Two new exhibits with South African themes open tomorrow at The Jewish Museum. One of these is a retrospective of Jewish South African photographer David Goldblatt, and the other is a series of films by Jewish South African artist William Kentridge that depict his drawings of the fictional Jewish characters Soho Eckstein and Felix Teitelbaum. The three Jewish Museum exhibits that I plugged in my March 11, 2010 article continue and will overlap with the new exhibits for the next three months.
On Tuesday, May 4th at 6:30 pm, photographer David Goldblatt will be joined by Joseph Lelyveld, former New York Times executive editor and correspondent in South Africa , for a conversation about the exhibition, South African Photographs: David Goldblatt. OnThursday, May 13th at 6:30 pm, Gideon Shimoni, Professor (Emeritus) at the Jerusalem Center for Public Affairs, and author of Community and Conscience: The Jews in SouthAfrica, will present a lecture entitled The Jewish Experience in Apartheid South Africa. Tickets to each program are $15 general public; $12 students and those over 65; and $10 for Jewish Museum members. For further information regarding programs at The Jewish Museum, the public may call 212.423.3337. Prices: General: $15; Students / Over 65: $12 Members: $10 Program tickets may be purchased online at the Museum’s website.
South African Photographs: David Goldblatt
The Jewish Museum will present South African Photographs: David Goldblatt, an exhibition of 150 black-and-white silver gelatin prints taken between 1948 and 2009, from May 2 through September 19, 2010. The photographs on view focus on South Africa ’s human landscape in the apartheid and post-apartheid eras. South African Photographs: David Goldblatt is the largest New York City exhibition of Goldblatt’s work since 2001.
For more than half a century, David Goldblatt has been photographing his native South Africa , documenting the social, cultural and economic divides that characterize the country. Recipient of the 2009 Henri Cartier-Bresson Award and the prestigious 2006 Hasselblad Foundation International Award in Photography, David Goldblatt is his country’s most distinguished photographer.
Goldblatt’s photographs expose the complex and evolving nature of apartheid through the diversity and subtlety of his approach. He has not documented major political events or horrifying incidents of violence. Instead, he focuses on the details of daily life and the world of ordinary people, a world where the apartheid system penetrates every aspect of society. He is constantly searching for the substance beneath the surface of human situations. As Nadine Gordimer comments in the exhibition audio guide, Goldblatt captures “…these moments when everything that has happened to an individual is somehow in that image at that time. All the person has felt and known is contained, indeed, in the way he comports himself, the way he’s sitting, the way he looks, and the kind of setting in which he is.” Goldblatt frequently addresses a complex question in his work: how is it possible to be reasonable, decent, and law-abiding, and at the same time, complicit in and even actively supportive of a system that is fundamentally immoral and evil? Each photograph in this exhibition is an intimate portrayal of a culture living with racism and injustice.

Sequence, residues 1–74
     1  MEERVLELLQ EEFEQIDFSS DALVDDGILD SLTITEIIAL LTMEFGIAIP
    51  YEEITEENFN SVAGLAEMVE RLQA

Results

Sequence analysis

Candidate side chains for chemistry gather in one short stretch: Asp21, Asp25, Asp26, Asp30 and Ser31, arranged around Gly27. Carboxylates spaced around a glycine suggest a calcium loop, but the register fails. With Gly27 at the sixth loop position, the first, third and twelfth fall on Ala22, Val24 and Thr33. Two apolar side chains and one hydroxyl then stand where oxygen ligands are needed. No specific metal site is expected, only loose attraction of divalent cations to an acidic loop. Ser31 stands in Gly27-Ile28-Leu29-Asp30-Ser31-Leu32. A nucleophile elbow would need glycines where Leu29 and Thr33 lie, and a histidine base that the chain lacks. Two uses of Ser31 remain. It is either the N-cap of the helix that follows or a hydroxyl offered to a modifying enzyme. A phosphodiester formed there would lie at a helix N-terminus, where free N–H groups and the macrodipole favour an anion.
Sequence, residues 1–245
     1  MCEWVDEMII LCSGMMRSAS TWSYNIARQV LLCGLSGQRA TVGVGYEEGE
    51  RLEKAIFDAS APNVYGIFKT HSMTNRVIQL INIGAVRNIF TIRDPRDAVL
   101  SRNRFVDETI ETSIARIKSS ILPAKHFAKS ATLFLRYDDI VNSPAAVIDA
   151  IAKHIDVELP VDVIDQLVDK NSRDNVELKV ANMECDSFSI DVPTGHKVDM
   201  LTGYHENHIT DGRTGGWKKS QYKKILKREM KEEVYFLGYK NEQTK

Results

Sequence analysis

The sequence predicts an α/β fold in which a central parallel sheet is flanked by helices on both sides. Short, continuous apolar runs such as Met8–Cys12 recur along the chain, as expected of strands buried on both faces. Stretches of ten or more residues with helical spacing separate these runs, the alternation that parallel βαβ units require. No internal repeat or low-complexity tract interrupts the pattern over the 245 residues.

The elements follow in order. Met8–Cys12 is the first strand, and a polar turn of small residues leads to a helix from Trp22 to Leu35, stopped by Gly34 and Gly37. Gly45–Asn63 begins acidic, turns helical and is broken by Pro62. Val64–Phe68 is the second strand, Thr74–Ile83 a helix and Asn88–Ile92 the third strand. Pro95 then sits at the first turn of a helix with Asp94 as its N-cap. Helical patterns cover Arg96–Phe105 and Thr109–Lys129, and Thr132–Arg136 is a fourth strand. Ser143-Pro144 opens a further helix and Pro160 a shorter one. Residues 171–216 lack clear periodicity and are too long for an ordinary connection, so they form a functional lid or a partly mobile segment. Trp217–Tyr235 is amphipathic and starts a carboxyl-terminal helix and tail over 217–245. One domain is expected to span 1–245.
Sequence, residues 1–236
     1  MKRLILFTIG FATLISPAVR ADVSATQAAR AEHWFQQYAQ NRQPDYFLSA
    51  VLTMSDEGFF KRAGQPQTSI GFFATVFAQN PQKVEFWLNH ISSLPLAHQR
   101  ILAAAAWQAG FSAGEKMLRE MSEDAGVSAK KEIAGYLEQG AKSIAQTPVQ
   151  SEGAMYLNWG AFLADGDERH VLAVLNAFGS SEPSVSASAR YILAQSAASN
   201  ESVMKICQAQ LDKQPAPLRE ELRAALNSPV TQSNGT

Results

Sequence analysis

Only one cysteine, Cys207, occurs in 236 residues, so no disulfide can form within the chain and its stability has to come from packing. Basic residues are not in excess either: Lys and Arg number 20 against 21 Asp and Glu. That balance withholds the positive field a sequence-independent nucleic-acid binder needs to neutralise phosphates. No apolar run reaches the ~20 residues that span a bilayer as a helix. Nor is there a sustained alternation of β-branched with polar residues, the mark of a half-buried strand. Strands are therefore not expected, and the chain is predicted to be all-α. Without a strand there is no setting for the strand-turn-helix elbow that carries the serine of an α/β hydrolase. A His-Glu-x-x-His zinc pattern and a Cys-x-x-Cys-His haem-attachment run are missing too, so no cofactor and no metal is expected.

David Goldblatt has used his camera to explore South Africa’s mines; the descendants of seventeenth-century Dutch settlers called Afrikaners who were the architects of apartheid; life in Boksburg, a small middle-class white community; the Bantustans or “puppet states” in which blacks were forced to live; structures built for purposes ranging from shelter to commemoration; and Johannesburg, the city in which Goldblatt lives.
The photographer once wrote, “I am neither an activist nor a missionary. Yet I had begun to realize an involvement with this place and the people among whom I lived that would not be stilled and that I needed to grasp and probe. I wanted to explore the specifics of our lives, not in theories but in the grit and taste and touch of things, and to bring those specifics into that particular coherence that the camera both enables and demands.”
David Goldblatt has been photographing the changing political landscape of his country for more than five decades. He is descended from Lithuanian Jews who fled Europe in the 1890s to escape religious persecution. His father passed on to him, the artist said, “a strong sense of outrage at anything that smacked of racism.” Growing up in segregated South Africa , he witnessed the deep humiliation and discrimination suffered by blacks and experienced anti-Semitism personally. These experiences have informed his work.
Goldblatt’s written commentary is an essential part of his work and is presented throughout the exhibition in the texts and labels that accompany the photographs. A context room in the exhibition features a timeline juxtaposing events in South African history and David Goldblatt’s life; books published by the photographer; photography magazines that inspired him; a large map of South Africa; and a 22-minute excerpt of David Goldblatt: In Black and White, a 1985 film originally aired on Channel 4 Television in Great Britain.
The exhibition has been organized by The Jewish Museum’s Senior Curator, Susan Tumarkin Goodman. All the works in the exhibition are silver gelatin prints on fiber-pressed paper.
Produced by The Jewish Museum in association with Acoustiguide, Inc., a random access audio guide using MP3 technology has been created for the South African Photographs: David Goldblatt exhibition. Available to visitors for $5.00, it features an introduction by The Jewish Museum’s Director Joan Rosenbaum. Visitors taking the audio guide will hear from David Goldblatt, who continues to lecture and talk about his body of work even as he produces compelling new images, as well as Nadine Gordimer, winner of the Nobel Prize for Literature, who has been writing about the racial and political complexities of South Africa for more than 50 years and is a close friend of David Goldblatt. Commentary by Sean Jacobs, a Professor of International Affairs at the New School who was born in South Africa in 1969, is also included.